“I would say Southern’s per student funding without looking at some of those contextual factors like the cost of programs is still probably a little bit low and should probably come up.”

TodayStatewide budget shortfall cut into Southern’s gains

Despite support for the three-year plan, another round of budget problems in Jefferson City could stall the final year. Sen. Gary Nodler (R-Joplin) said state revenue is down about 1 percent from a year ago, and the state had predicted a 4 percent increase.

“There is a budget shortfall in the making, despite the fact that we built into the budget and expected a surplus fund balance,” Nodler said. “It isn’t large enough to absorb that kind of a contraction so the general assembly is going to have to look at the entire budget to see where we can shave off some of the cost.”

Allen Icet (R-Wildwood), chairman of the House Budget Committee, still holds out hope that revenue will increase.

“Through the end of the first quarter we are seeing slightly negative growth from year to year and historically the first quarter is never our best quarter,” Icet said. “I’m hoping over the next quarter that things start to become more positive, but the bottom line is we have to have a balanced budget for the 2010 budget and it is premised on the level of growth we have. If there is no increase in revenue whatsoever than when we put the budget together the option would simply be to freeze everything with no increases and no decreases until the revenue picture improves.”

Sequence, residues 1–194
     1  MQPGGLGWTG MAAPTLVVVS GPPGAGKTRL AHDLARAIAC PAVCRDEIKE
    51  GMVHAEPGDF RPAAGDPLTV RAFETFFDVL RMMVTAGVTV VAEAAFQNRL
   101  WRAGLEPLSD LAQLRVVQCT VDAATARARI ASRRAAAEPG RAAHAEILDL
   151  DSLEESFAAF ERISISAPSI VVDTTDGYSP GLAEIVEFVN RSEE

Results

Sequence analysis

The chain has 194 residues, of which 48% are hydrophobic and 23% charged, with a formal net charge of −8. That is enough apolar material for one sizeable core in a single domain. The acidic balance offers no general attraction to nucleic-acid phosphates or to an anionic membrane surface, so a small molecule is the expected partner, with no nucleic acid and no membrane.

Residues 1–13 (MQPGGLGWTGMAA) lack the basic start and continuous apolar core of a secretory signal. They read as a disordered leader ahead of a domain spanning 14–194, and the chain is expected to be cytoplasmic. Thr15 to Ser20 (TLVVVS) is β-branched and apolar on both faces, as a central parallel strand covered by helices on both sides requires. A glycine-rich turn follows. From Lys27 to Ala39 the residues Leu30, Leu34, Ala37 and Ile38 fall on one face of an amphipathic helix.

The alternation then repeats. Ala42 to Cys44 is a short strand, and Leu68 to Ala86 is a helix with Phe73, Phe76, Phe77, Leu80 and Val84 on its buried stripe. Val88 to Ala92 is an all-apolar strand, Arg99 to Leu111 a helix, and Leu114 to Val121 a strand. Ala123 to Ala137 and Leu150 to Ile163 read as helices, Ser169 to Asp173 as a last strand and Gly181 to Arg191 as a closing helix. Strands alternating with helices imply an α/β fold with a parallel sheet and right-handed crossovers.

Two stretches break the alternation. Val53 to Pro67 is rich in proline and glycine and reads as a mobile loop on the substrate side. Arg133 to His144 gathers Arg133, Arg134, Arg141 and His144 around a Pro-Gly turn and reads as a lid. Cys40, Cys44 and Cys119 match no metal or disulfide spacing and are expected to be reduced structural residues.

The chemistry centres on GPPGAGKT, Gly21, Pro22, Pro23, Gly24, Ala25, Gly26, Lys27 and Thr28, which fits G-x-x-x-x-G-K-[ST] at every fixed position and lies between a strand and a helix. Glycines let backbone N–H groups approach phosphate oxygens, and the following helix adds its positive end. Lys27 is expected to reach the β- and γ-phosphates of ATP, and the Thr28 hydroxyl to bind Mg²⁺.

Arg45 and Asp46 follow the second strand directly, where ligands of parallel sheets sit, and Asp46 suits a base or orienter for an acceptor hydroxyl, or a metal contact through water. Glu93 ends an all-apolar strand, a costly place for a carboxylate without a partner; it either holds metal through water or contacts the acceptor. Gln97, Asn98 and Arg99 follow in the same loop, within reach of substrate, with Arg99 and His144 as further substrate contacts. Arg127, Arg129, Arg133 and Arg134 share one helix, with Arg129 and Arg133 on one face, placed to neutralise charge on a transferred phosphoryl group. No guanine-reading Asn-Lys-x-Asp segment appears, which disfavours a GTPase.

A better picture of the budget situation will emerge in December or January, and everything will be made final by the time the governor gives his “state of the state” address in January. In the meantime, Icet and others are looking at other options.

“If there is no increase at all in general revenue we’d hold all budgets flat,” he said, “and the other thing we could do, instead of making it a three-year phase-in we could stretch it out and make it a four-year or five-year.”

TomorrowEnrollment needs to grow to keep budget growing

For Southern to continue climbing up the appropriations ladder, Nodler sees two key areas the University needs to improve.

“For Missouri Southern to be healthy the enrollment needs to begin to expand, and the financial house needs to be put in order,” Nodler said.

HistoryPlan to average state student funding has placed money in the lion’s corner

Nodler said that in the process of restoring budgets to their historically highest points, he, along with the Department of Higher Education, also wanted to “remediate some inequities in funding that have occurred historically.”

One instance involved the University of Missouri – St. Louis, and additional money was pumped into the University of Missouri system to take care of the funding issue. The other main instance involved Southern and Missouri Western State University in St. Joseph, which Nodler said have both been underfunded since becoming four-year schools.

“The funding for those two schools funded their freshmen and sophomore students at community college levels, creating a long-term inequity,” Nodler said.